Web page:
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Bard Marchand: To shoot, or not to shoot?

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Selected works of the poet and playwright Bard Marchand

Many thought this to be a typo. It was not.

Brad Marchand is, in fact, a well accomplished poet  who performs under the stage name Bard Marchand. Many do not know this, so we've uncovered some of his work to share with the Chowder community.

The following is an excerpt from a Bard Marchand play written about the 2013 playoffs.

May/maynot be best read while referencing this

[scene is in locker room, directly after 2013 Stanley Cup Finals. Enter Marchand and Seguin]

MARCHAND:
To shoot, or not to shoot- that is the question:
Whether 'tis nobler in the mind to suffer
The slings and arrows of outrageous missed passes
Or to take arms against a sea of glove saves,
And by opposing end them. To shoot- to score-
No more; and by a goal to say we end
The heartache, and the thousand natural shots
That goalie is heir to. 'Tis a consummation
Devoutly to be wish'd. To shoot- to score.
To score- perchance to win: ay, there's the celly!
For in that goal of OT what wins may come
When we have shuffled off this wining streak,
Must give us pause. There's the respect
That makes calamity of so long a game.
For who would bear the whips and scorns of the Habs,
Th' oppressor's wrong, the proud man's contumely,
The pangs of despis'd rivals, the refs's delay,
The insolence of office, and the spurns
That patient merit of th' unworthy penalties,
When he himself might his goal make
With a bare bodkin? Who would these fardels bear,
To grunt and sweat under a weary game,
But that the dread of something after game-
The undiscover'd western Canadian team, from whose back to back
No road team returns- puzzles the will,
And makes us rather bear those ills we have
Than fly to others that we know not of?
Thus conscience does make passers of us all,
And thus the native hue of shooting
Is sicklied o'er with the pale cast of instinct,
And enterprises of great sawft and moment
With this shot their momentum turn awry
And lose the name of victory.- Soft you now!
The fair Seguin!- Center, in thy passing
Be all my missed goals rememb'red.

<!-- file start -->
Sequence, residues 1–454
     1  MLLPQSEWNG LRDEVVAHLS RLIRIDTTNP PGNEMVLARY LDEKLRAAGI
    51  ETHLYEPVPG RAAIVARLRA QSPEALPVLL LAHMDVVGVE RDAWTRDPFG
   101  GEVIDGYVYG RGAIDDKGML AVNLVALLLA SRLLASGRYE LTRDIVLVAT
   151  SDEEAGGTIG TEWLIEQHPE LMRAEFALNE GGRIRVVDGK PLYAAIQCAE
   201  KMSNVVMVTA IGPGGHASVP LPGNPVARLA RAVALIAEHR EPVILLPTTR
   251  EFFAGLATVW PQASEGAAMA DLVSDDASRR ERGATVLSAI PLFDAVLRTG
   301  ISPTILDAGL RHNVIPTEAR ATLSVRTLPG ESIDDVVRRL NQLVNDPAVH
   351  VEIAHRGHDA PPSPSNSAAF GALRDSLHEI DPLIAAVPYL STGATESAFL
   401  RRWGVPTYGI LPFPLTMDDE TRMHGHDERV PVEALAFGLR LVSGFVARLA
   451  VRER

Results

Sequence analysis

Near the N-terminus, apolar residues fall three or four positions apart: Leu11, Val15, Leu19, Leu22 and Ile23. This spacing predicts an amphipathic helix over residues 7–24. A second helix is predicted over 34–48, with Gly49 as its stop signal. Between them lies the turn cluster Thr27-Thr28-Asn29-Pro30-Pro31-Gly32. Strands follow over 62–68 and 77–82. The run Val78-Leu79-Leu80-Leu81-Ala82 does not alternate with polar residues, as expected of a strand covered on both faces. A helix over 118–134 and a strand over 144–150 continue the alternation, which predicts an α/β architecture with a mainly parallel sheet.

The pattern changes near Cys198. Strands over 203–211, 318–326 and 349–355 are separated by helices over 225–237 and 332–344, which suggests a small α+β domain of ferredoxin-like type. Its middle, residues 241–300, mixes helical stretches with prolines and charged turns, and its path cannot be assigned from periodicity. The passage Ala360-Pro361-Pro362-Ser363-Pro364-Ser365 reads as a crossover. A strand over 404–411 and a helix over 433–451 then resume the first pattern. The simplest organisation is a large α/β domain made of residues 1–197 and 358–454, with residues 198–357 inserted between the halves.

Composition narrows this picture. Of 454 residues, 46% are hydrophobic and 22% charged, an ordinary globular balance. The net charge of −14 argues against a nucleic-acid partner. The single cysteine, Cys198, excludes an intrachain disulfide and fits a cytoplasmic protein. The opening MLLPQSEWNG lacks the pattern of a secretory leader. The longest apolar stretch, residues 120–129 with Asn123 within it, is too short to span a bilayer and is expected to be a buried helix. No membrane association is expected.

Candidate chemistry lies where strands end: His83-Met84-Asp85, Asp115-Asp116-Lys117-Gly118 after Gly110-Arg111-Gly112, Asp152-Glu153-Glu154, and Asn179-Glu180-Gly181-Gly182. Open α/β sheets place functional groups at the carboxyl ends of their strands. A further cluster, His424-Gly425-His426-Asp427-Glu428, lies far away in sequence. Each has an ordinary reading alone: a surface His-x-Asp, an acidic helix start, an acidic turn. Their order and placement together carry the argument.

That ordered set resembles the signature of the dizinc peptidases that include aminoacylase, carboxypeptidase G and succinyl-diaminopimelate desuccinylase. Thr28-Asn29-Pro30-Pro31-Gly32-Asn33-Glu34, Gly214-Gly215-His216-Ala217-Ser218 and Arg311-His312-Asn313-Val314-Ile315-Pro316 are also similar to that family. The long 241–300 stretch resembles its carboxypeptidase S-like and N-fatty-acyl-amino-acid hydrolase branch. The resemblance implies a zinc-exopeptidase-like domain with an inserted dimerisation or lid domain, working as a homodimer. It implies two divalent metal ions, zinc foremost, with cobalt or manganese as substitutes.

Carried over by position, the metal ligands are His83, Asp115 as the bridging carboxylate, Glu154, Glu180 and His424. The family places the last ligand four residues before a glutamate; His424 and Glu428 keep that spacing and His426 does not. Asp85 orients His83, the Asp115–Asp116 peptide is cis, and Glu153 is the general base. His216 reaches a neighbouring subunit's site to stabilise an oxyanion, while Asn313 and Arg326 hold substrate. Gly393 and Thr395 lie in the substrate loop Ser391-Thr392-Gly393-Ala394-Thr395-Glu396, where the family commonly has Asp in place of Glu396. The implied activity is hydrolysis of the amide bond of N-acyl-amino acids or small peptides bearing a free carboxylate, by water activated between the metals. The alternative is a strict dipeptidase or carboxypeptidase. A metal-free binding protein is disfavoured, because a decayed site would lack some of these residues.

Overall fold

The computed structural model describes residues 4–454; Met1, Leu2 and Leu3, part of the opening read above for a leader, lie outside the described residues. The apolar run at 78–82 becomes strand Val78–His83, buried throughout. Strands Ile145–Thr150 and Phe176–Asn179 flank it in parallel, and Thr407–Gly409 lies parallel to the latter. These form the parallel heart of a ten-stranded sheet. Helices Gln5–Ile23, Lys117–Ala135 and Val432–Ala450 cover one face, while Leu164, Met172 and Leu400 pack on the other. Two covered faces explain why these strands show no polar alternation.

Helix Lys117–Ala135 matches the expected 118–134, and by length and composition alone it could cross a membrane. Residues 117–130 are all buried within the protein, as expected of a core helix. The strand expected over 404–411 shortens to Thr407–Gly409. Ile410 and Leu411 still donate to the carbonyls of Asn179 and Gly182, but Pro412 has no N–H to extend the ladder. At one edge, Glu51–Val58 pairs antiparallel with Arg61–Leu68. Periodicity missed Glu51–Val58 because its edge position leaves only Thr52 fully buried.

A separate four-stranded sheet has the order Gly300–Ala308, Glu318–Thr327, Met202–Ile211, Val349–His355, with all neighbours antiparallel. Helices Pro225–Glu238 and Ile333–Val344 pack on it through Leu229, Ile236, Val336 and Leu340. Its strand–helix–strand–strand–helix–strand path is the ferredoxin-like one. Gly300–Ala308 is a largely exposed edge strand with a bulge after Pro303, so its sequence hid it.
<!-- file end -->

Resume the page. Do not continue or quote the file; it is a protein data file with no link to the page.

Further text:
SEGUIN:
Good my winger,
How does your playing for this many a day?

MARCHAND:
I humbly finish for you. Well, well, well.

SEGUIN:
My lord, I have passes to you
That I have longèd long for you to finish.
I pray you now receive them.

MARCHAND:
No, not I. I never received you aught.

SEGUIN:
My honored wing, you know right well you did,
And with them, taps of so loud sticks composed
As made the things more rich. Their sweetness lost,
Take these again, for to the noble goalie
Good passes finish poor when wingers prove unkind.
There, my winger.

MARCHAND:
Ha, ha, are you good?

SEGUIN:
My winger?

MARCHAND:
Are you talented?

SEGUIN:
What means your finisher?

MARCHAND:
That if you be good and talented, your goodness should admit no discourse to your talent.

SEGUIN:
Could talent, my lord, have better commerce than with production?

MARCHAND:
Ay, truly, for the power of talent will sooner transform goodness from what it is to a bust than the force of Bergeron can translate talent into his likeness. This was sometime a paradox, but now the time gives it proof. I did play with you once.

SEGUIN:
Indeed, my lord, you made me score so.

MARCHAND:
You should not have relied on me, for Bergeron cannot so inoculate our poor play but we shall relish of it. I scored because of you not.

SEGUIN:
I was the less sheltered.

MARCHAND:
Get thee to a juniors coach. Why wouldst thou be a breeder of bad goals against? I am myself indifferent talented, but yet I could accuse me of such bad d zone play that it were better Claude had not played me beside Bergeron.
I am very proud, vengeful, too ambitious, with more plays at my beck than I have goals to put them in, stick handling to give them shape, or shifts to act them in. What should such players as I do playing between Chara and Bergy? We are irresponsible defensively, all. Trust none of us. Go thy ways to a junior coach. Where’s Claude?

SEGUIN:
At the gahhhden, my winger.

MARCHAND:
Let the doors be shut upon him, that he may review the video no where but in ’s own house. Farewell.

SEGUIN:
O, trade me, you sweet Chia pet!

MARCHAND:
If thou dost trade, I’ll give thee this plague for thy package of picks and prospects. Be thou as productive as Gretzky, as reliable as Bergy, thou shalt not escape party boy and sawfty accusations. Get thee to a junior coach, go. Farewell. Or, if thou wilt needs trading, trade to a bottom feeder, for good teams know well enough what annual first round exits you make of them. To a junior coach, go, and quickly too. Farewell.

SEGUIN:
Chia pet, restore him!

MARCHAND:
I have heard of your shelters too, well enough. Claude has given you one useage and you make yourselves another. You deke and dangle, and you stick tap, you nickname Claude’s lines and make your loose game your ignorance. Go to, I’ll no more on ’t. It hath made me mad. I say, we will blend all the lines. Those that are paired already, all but one, shall stay. The rest shall keep as they are. To a junior coach, go.​

exit MARCHAND